Read Time: 3 minutes When traveling out of the country, it’s important to take necessary health precautions. A key part of this proactivity is ensuring that vaccinations are up-to-date. It also includes doing research on any vaccinations that are specific to travel. Here’s what to know about vaccinations before traveling abroad.
Don’t skimp on routine protection
The Centers for Disease Control and Prevention (CDC) has general vaccination recommendations that travelers should check before their trip. Some people may have a misconception that vaccinations are only for children. But vaccinations wear off over time. Adults should work with their healthcare provider to make sure their routine immunizations, such as for tetanus or the flu, are up-to-date. Routine vaccinations become even more important while traveling abroad, as some routine vaccines like measles are common diseases in other countries.
While vaccination is recommended for all age groups, some people will not be good candidates for vaccinations. For example, if someone has a compromised immune system or is currently ill, they will need to wait to receive vaccination when they are in good health.
Pay attention to changing travel vaccination recommendations
The CDC also lists travel-specific vaccination recommendations. Multiple factors can include what travel vaccinations are appropriate. Some of these can include the country of destination, the age, and health of the traveler, and the activities planned for the trip.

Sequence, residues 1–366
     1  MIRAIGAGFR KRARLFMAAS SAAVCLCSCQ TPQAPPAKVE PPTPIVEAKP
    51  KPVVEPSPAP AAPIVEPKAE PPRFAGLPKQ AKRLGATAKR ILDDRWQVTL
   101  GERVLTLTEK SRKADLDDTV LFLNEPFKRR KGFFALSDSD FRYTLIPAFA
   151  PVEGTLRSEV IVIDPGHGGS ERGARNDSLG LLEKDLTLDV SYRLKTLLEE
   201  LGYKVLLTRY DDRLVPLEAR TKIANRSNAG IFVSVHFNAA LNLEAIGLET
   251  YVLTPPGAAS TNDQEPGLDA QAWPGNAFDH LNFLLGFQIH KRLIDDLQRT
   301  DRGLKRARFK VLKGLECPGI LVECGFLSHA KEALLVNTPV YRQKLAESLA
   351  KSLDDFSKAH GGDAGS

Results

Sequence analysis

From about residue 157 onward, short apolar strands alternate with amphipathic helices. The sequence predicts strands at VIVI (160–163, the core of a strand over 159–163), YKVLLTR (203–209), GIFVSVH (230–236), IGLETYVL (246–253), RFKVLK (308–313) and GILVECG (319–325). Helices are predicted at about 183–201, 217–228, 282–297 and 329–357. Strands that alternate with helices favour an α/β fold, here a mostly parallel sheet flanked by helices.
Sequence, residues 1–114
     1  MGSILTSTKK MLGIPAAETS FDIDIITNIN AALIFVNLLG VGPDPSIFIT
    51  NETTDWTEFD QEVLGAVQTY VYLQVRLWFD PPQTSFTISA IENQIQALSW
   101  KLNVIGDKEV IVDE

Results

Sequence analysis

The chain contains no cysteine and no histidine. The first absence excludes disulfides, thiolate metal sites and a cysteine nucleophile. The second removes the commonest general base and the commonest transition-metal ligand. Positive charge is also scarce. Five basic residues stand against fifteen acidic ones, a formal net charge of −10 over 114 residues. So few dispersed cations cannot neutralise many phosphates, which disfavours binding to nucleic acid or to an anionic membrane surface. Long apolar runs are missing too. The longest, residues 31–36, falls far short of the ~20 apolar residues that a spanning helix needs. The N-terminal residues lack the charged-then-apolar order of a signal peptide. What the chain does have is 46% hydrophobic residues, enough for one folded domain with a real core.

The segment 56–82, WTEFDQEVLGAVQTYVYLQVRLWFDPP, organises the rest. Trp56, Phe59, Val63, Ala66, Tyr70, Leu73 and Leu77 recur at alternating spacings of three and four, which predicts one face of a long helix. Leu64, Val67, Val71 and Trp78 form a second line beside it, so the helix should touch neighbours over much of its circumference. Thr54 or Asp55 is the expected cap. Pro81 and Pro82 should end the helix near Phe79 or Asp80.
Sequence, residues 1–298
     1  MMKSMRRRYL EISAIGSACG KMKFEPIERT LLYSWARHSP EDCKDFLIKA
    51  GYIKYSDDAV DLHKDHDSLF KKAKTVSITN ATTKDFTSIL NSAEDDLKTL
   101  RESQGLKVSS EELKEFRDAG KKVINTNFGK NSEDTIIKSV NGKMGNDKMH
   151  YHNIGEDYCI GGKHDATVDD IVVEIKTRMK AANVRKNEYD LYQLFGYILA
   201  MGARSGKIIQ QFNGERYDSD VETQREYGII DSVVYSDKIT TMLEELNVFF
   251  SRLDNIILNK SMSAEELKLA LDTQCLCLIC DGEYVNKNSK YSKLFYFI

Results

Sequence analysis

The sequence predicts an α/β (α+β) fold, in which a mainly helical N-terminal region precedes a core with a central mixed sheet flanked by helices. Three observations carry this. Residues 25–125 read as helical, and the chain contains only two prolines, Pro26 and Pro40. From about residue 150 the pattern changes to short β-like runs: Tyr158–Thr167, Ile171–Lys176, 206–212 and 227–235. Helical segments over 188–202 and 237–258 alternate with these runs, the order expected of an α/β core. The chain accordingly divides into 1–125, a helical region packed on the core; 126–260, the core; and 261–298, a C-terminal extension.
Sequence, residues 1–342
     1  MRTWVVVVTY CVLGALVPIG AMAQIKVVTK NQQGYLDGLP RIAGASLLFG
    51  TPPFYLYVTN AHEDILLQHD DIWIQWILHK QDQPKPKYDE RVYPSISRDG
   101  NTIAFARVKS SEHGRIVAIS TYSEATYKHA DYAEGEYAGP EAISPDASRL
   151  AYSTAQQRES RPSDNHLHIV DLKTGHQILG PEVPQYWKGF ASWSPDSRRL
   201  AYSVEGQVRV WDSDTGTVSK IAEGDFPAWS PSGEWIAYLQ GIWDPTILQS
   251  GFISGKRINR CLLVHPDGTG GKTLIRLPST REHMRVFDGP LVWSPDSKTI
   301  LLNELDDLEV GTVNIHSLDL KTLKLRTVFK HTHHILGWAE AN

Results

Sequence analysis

Some of the common travel vaccination recommendations not covered in routine vaccinations might include the yellow fever vaccine, vaccination for hepatitis A and B, typhoid fever, or rabies. Vaccination considerations may also change depending on the time of year. For example, a meningococcal vaccine might be necessary if traveling to Saudi Arabia during the hajj, the annual pilgrimage to Mecca.
Are you going on a mission trip or a business trip?
Travel vaccination requirements will also vary based on the type of trip. For example, the health precautions that a medical student on a mission trip needs to take will be different than the ones of a businessman staying in a Japan resort. Certain settings, such as attending crowded events or markets, can also increase the risk for the spread of disease.
The optimal window for vaccinations to take effect
To ensure full protection, travelers should start planning for their travel vaccinations at least two months in advance of a trip. Vaccinations typically take 4-6 weeks to take effect, so planning early ensures that vaccines will start working before the time of travel. It also ensures that there is adequate time for a series of shots if any of the required vaccinations require more than one dose.